HD 107914

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HD 107914
Observation data
Epoch J2000.0      Equinox J2000.0
Constellation Centaurus
CCDM J12242-3855A
Right ascension 12h 24m 13.0s[1]
Declination –38° 54′ 50″[1]
Apparent magnitude (V) 7.0[1]
CCDM J12242-3855B
Right ascension 12h 24m 13.2s[1]
Declination –38° 54′ 47″[1]
Apparent magnitude (V) 12.8[1]
Spectral type A7/8III[2]
B−V color index 0.272[3]
Proper motion (μ) RA: +0.55[4] mas/yr
Dec.: –0.02[4] mas/yr
Parallax (π) 12.77 ± 0.46 mas
Distance 255 ± 9 ly
(78 ± 3 pc)
Other designations
CCDM J12242-3855AB, CD−38° 7710, HIP 60503, HD 107914, SAO 203431
Database references

HD 107914 is a binary star in the constellation Centaurus, with an estimated distance of 255.5 light-years (78.3 pc)[5] from the Solar System. The primary has a stellar classification of A7-8 III, making it a giant star.

Measurement of the proper motion of this system show that it has a low transverse velocity relative to the Sun. For this reason, it has been compared to the hypothetical "Nemesis" star since it may pass through the Oort cloud in the future.[5] The star is too far away to be a companion to the Sun. However, preliminary measurements of the H-alpha line in the star's spectrum show a radial velocity in the range from –13 to +3 km/s. (This result was obtained by M. Muterspaugh and M. Williamson at a robotic spectroscopic telescope in Arizona.[6]) Such values for the radial velocity are too small to produce a likely collision course with the Solar System. For example, if Vr = –10 km/s, then the distance from the Sun to HD 107914 at closest approach will be about 5.2 ly (1.6 pc).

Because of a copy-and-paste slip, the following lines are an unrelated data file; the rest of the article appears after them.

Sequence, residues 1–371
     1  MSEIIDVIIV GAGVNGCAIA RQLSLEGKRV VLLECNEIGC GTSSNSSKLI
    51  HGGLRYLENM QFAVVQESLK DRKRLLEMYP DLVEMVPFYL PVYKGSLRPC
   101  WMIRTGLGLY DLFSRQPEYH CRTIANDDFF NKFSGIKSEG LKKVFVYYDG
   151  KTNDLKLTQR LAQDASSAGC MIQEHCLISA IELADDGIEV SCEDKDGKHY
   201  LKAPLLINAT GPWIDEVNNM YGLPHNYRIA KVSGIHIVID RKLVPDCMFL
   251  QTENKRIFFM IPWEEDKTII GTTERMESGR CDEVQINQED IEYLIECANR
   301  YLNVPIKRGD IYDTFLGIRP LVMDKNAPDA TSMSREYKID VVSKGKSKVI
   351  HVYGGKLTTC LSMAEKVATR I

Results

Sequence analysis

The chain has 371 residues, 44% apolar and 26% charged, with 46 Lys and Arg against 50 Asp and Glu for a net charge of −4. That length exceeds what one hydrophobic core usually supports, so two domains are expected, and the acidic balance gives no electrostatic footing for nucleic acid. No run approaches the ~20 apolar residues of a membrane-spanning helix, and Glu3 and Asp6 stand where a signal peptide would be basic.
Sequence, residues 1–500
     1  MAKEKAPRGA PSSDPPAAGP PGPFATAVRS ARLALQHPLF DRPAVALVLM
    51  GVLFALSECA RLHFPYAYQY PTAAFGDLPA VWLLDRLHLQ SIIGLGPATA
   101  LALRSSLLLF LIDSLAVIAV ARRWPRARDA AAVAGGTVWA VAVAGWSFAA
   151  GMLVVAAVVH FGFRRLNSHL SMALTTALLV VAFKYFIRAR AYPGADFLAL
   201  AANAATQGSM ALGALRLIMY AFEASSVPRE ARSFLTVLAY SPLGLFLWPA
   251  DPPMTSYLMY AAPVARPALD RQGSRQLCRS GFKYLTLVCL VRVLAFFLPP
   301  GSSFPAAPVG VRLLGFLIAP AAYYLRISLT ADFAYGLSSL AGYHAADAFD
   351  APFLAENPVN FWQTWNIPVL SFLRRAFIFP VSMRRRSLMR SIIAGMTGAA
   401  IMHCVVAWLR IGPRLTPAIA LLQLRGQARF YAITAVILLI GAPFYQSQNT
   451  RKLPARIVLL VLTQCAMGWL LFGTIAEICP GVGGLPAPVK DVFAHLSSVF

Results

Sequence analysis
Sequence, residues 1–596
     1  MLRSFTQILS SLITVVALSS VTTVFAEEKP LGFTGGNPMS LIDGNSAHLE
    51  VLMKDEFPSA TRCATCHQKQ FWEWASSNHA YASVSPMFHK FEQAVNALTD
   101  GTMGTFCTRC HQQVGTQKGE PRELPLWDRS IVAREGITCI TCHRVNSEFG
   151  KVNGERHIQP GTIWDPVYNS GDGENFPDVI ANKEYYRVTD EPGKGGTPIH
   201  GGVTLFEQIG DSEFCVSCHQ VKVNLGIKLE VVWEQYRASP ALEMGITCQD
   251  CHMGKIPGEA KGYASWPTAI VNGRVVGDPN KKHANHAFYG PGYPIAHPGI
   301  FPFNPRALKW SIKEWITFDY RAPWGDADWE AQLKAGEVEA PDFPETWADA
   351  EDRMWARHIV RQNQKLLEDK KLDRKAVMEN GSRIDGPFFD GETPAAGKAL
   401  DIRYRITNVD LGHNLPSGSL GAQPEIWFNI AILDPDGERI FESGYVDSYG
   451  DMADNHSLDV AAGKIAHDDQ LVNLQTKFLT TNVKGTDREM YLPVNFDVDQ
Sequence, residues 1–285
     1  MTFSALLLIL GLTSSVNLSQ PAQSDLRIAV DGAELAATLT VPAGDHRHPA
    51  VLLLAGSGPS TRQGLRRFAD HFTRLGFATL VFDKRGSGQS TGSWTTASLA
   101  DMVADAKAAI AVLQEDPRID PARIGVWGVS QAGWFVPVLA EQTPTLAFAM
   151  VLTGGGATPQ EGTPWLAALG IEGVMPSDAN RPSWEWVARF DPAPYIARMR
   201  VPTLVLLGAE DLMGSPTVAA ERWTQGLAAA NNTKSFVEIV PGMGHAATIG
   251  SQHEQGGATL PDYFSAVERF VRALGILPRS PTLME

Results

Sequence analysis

1. ^ a b c d e f "CCDM J12242-3855. Vizier detailed page". Vizier. Centre de Données astronomiques de Strasbourg. Retrieved 2010-04-13. 
  2. ^ "CCDM J12242-3855AB". SIMBAD. Centre de données astronomiques de Strasbourg. Retrieved 2010-04-13. 
  3. ^ "HIP 60503. VizieR detailed page". Vizier. Centre de Données astronomiques de Strasbourg. Retrieved 2010-04-13. 
  4. ^ a b "Detailed description of I/311". Hipparcos. Centre de Données astronomiques de Strasbourg. Retrieved 2010-04-13. 
  5. ^ a b Potemine, Igor Yu. (2010-04-13). "Giant Nemesis candidate HD 107914 / HIP 60503 for the perforation of Oort cloud". arXiv:1003.5308Freely accessible [astro-ph.SR]. 
  6. ^ Eaton, J. A.; Williamson M. H. (2007). "The Tennessee State University Automatic Spectroscopic Telescope: Data Processing and Velocity Variation of Cool Giants". PASP. 119: 886–897. Bibcode:2007PASP..119..886E. doi:10.1086/521231.